Through November 14|
THE CURIOUS INCIDENT OF THE DOG IN THE NIGHT-TIME All for One Theatre Productions/Shea’s 710
Okay, a broken family, a bright but tortured kid who is probably on the autism spectrum and life in the vast suburbs of London.
It really sounds like a patched together TV movie for the Lifetime Channel or Hallmark.
Actually <b play is based on a hit novel, regarded as among the best, so far, in this century.
The title comes from A Sherlock Holmes short story, “The Adventure of Silver Blaze” and this play is something of a detective story.
It’s about Christopher (Samuel Fesmire), a special ed kid who has problems with his father and his community and has few supporters beyond teacher Siobahn (Sara Kow Falcone) who gives him a loose leash, recognizing some of his problems.
The entire production was only hours away from Opening Night in this theater, when COVID shut everything down 20-months ago.
It’s from the alliance of local theaters behind All for One, able to use the really high-tech production systems needed to stage the play, increasingly common in local theaters, like the giant screen used for several seasons on the Kavinoky.
The show also benefits from good direction by David Oliver, who studied and worked in England and understands the geographic and social context of the entire story.
It’s a story of a young man who finds a dog murdered in his back yard by a garden fork who is probed by police as the perpetrator.
The police in his hometown of Swindon can’t prove he did it but suspect he did and give him a legal “Caution” as a warning, after Christopher hits one cop.
A lot of officers show up in the story and most don’t handle him very well and he reciprocates.
Christopher turns into a young Sherlock Holmes by deciding to find out who killed the dog and clear his name.
Be careful what you look for, you don’t know what you will find.
He’s at that age when there are father and son tensions and there are secrets.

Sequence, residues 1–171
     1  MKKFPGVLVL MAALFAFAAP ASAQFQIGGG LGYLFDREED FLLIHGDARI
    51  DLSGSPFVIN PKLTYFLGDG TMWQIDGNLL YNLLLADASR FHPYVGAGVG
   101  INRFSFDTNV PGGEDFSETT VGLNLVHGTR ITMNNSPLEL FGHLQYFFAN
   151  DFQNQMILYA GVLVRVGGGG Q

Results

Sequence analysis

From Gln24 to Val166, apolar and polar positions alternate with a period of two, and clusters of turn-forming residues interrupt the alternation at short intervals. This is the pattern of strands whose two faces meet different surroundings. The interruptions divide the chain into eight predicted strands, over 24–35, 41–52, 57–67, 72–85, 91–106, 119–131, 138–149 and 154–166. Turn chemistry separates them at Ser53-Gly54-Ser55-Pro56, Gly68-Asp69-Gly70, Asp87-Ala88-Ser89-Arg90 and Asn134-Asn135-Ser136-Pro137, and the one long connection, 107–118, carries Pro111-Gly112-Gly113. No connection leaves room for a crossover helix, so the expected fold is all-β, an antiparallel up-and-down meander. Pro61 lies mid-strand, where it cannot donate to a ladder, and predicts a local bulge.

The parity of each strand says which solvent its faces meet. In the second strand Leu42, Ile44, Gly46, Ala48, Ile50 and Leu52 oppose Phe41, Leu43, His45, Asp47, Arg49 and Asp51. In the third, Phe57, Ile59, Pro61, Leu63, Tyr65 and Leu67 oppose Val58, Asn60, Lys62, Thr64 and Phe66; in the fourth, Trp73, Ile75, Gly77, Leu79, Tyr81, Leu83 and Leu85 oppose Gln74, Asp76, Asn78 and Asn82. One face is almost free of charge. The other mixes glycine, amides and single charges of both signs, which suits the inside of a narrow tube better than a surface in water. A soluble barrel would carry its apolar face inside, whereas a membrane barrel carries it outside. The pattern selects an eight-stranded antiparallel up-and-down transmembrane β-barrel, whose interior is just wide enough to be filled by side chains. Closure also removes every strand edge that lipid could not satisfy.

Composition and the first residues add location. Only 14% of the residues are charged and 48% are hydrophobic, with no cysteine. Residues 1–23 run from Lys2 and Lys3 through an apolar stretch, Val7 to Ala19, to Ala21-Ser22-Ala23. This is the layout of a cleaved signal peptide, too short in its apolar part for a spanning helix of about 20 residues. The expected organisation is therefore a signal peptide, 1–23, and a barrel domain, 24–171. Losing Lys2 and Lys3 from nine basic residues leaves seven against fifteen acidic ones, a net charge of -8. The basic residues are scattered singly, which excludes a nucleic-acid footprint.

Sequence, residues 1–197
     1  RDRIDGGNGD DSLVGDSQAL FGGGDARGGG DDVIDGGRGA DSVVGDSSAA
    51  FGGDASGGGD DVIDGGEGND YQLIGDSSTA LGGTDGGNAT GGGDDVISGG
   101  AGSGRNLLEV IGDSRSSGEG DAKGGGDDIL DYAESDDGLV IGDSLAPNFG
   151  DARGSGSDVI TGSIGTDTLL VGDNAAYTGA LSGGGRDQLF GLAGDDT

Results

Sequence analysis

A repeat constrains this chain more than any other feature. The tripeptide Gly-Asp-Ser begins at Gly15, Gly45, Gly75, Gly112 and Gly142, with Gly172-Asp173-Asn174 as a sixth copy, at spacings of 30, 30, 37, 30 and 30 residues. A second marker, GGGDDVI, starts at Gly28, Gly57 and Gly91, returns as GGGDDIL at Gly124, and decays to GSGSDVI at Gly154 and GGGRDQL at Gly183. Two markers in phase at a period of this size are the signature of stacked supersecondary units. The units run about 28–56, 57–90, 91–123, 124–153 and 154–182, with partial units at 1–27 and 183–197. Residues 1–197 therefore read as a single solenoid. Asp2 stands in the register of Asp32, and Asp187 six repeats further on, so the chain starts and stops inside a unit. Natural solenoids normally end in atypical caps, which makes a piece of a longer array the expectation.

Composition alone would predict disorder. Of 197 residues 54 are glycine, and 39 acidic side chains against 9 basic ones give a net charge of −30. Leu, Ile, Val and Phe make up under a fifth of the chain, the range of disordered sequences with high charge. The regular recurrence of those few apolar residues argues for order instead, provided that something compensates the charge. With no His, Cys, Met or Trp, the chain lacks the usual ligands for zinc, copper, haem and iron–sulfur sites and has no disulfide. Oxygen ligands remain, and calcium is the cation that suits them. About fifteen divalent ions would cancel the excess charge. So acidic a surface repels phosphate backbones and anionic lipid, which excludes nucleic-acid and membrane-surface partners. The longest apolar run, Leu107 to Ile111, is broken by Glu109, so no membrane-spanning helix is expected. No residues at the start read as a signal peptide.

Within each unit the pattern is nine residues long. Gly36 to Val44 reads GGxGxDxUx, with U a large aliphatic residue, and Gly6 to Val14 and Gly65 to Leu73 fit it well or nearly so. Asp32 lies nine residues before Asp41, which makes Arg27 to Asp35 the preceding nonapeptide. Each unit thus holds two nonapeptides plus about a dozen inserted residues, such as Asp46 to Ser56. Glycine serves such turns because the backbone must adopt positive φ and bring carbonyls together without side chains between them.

Searching his own home turns up letters to him from his mother, dated after she was supposed to have died.
Taking the return address, the youth who doesn’t like noise and doesn’t like to be touched steals his father’s bank card and heads for London to find his Mum.
He discovers a tale of adultery, the rush of a giant metropolis and his own brilliance.
Christopher also finds a degree of peace with his parents and his own dog, whose real name isn’t credited.
And, if you had trouble with any level of geometry in high school, there is a surprise lesson for you.
Some of the area’s best actors are in this show.
They have to be good because most are playing multiple roles, racing off the stage to change costumes and head back onto the stage as someone else.
Fesmire towers above them all in this role but there are noticeably good performances from Anthony Alcocer as Dad Ed, Wendy Hall, Ben Michael Moran, Kow Falcone and Pamela Rose Mangus.
Director Oliver also has his own Mr. Spock in Christopher Ash, credited as projections designer.
Lynne Koscielniak gets credit for lighting and scenic design.
This is a show for the large space of Shea’s 710.
“Dog” is the kind of show you remember because there are so many broken families, bad relationships and bright kids with problems.
That’s all important.
But, what you should remember after seeing “The Curious Incident of the Dog in the Night-Time” is that it’s a heck of a story which is getting a wonderful production.
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